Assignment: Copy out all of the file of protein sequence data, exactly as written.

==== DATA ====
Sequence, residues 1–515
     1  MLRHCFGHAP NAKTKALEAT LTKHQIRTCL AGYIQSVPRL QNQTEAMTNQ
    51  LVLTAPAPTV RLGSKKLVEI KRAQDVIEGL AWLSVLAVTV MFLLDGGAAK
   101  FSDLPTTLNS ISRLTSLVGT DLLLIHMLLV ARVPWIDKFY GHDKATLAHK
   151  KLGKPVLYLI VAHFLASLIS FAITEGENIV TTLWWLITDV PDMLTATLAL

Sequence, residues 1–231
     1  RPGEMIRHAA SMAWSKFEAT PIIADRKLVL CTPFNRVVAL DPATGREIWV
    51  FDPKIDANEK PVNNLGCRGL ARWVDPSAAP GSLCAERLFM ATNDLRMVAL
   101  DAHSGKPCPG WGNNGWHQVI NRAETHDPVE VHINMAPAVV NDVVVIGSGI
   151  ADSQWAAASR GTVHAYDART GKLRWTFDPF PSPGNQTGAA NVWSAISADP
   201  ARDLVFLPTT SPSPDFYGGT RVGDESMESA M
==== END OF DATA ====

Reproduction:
Sequence, residues 1–515
     1  MLRHCFGHAP NAKTKALEAT LTKHQIRTCL AGYIQSVPRL QNQTEAMTNQ
    51  LVLTAPAPTV RLGSKKLVEI KRAQDVIEGL AWLSVLAVTV MFLLDGGAAK
   101  FSDLPTTLNS ISRLTSLVGT DLLLIHMLLV ARVPWIDKFY GHDKATLAHK
   151  KLGKPVLYLI VAHFLASLIS FAITEGENIV TTLWWLITDV PDMLTATLAL

Sequence, residues 1–231
     1  RPGEMIRHAA SMAWSKFEAT PIIADRKLVL CTPFNRVVAL DPATGREIWV
    51  FDPKIDANEK PVNNLGCRGL ARWVDPSAAP GSLCAERLFM ATNDLRMVAL
   101  DAHSGKPCPG WGNNGWHQVI NRAETHDPVE VHINMAPAVV NDVVVIGSGI
   151  ADSQWAAASR GTVHAYDART GKLRWTFDPF PSPGNQTGAA NVWSAISADP
   201  ARDLVFLPTT SPSPDFYGGT RVGDESMESA M